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Sharapova serves up another straight-sets win

by Vivienne Christie
Thursday 26 June 2014

Replicating Roland Garros success with a strong showing at Wimbledon can be a difficult ask but Maria Sharapova is so far making it look easy in 2014.

Following last month’s milestone French Open win, she has dropped just four games in two rounds at the All England Club, her march into the third round requiring less than two hours on court to complete.

Sharapova’s latest victory, a 6-2, 6-1 progression over Swiss qualifier Timea Bacsinsky, was her 40th match win at Wimbledon. It required an efficient 60 minutes, adding both match time and confidence in the often tricky transition from clay to grass.

“Because it's so quick from one (surface) to another, the first couple of matches are really crucial in just working on so many things as a grass court player, just trying to make that transition and trying to do it as quick as possible,” Sharapova explained.

While perhaps slightly closer than the scoreline suggests – several of Sharapova’s service games were pushed to deuce, and she surrendered a break of serve as she attempted to close out the first set at 5-1 – Thursday's overall display of powerful efficiency against the 85th-ranked Bacsinsky highlighted the Russian’s intentions to keep adding to her Grand Slam success.

It’s a decade since the then-teenager made a stunning breakthrough in defeating Serena Williams to claim her first Grand Slam title at Wimbledon. Sharapova has experienced some wildly varying runs at the All England Club since, with another final (in 2011, when she was runner up to Petra Kvitova) and two semi-finals contrasted by three second-round shocks.

One of those ignominious exits was a three-set loss to the then world No.131 Michelle Larcher de Brito in 2013, making a routine progression all the more welcome for the 32-time tournament champion this time around.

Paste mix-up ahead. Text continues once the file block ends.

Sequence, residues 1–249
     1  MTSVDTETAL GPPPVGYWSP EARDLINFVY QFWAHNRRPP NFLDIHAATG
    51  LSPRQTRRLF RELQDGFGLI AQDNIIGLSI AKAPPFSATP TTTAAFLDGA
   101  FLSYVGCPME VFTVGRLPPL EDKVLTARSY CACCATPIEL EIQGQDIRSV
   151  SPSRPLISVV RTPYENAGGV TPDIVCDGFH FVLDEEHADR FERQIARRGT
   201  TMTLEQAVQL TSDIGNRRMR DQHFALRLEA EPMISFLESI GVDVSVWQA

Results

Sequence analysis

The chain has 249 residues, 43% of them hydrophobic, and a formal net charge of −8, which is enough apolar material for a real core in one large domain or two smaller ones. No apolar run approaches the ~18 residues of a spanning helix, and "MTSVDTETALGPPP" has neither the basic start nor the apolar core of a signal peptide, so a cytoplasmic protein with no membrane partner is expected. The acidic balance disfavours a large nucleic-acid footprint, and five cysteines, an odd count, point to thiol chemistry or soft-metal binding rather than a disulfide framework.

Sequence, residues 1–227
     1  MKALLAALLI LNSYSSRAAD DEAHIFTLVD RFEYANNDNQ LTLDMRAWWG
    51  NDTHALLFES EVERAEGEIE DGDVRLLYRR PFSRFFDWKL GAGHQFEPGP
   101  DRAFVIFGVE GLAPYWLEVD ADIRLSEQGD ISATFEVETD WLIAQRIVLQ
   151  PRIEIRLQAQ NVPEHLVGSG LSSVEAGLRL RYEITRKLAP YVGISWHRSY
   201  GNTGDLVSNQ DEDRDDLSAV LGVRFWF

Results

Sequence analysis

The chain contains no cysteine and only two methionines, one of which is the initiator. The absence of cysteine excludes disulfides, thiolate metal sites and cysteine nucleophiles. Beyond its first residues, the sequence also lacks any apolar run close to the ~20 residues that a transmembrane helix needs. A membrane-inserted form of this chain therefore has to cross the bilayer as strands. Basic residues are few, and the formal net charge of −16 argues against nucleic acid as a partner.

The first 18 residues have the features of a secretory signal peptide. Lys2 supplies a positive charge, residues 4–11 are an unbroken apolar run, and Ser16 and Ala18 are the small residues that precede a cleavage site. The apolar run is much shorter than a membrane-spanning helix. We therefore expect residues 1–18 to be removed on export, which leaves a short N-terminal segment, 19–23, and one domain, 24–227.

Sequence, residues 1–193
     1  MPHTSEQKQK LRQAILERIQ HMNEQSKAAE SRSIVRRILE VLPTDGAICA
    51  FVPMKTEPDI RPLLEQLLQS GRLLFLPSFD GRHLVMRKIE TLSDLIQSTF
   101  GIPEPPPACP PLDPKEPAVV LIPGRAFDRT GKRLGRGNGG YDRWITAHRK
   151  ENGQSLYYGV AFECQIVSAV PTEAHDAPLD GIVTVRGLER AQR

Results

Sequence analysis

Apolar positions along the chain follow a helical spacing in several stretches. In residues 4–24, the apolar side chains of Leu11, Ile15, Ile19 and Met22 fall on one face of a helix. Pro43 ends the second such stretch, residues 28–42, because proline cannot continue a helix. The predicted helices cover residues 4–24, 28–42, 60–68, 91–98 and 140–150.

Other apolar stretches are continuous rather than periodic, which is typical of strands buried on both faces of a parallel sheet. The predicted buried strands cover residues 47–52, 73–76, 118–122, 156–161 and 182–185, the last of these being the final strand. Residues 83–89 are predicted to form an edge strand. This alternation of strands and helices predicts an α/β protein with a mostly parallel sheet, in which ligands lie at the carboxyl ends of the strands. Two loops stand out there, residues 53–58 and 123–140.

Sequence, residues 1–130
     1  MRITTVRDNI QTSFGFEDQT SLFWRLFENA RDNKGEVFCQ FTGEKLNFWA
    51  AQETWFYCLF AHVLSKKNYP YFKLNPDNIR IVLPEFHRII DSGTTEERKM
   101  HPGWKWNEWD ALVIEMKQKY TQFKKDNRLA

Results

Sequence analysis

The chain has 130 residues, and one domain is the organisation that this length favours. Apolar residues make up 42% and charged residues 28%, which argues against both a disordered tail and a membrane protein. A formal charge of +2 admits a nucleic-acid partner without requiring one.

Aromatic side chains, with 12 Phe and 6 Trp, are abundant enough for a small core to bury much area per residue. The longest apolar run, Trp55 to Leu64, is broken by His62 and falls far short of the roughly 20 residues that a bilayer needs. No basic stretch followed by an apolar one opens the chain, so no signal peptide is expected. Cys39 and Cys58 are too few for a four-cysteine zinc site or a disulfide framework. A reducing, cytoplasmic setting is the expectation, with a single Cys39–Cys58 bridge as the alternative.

“I think after last year, everyone is maybe a little bit more cautious,” Sharapova said. “You can't just forget about it overnight. It's always in the back of your mind a little bit. I'm sure happy to get through an extra round than I did last year.”

Sharapova next meets Alison Riske, a world No.44 American who she has beaten in their only other career meeting in Birmingham in four years ago. “I feel like her game matches up with grass extremely well. She stays down really low, hits really flat from both sides, has had steady results on the surface.” Sharapova said. “It's going to be a challenge.”

Still, one that the fifth seed can afford to feel confident about considering the signs at this year’s Championships. With the prospect of a potential quarter-final against Serena looming, some are even suggesting that the 27-year-old is once again showing the best form of her career at Wimbledon.

Sharapova is taking a far more cautious approach. “I don't compare my game to what it was yesterday or the year before or 10 years ago,” she said. “I always look ahead and I always try to challenge myself to be better than I am today.”

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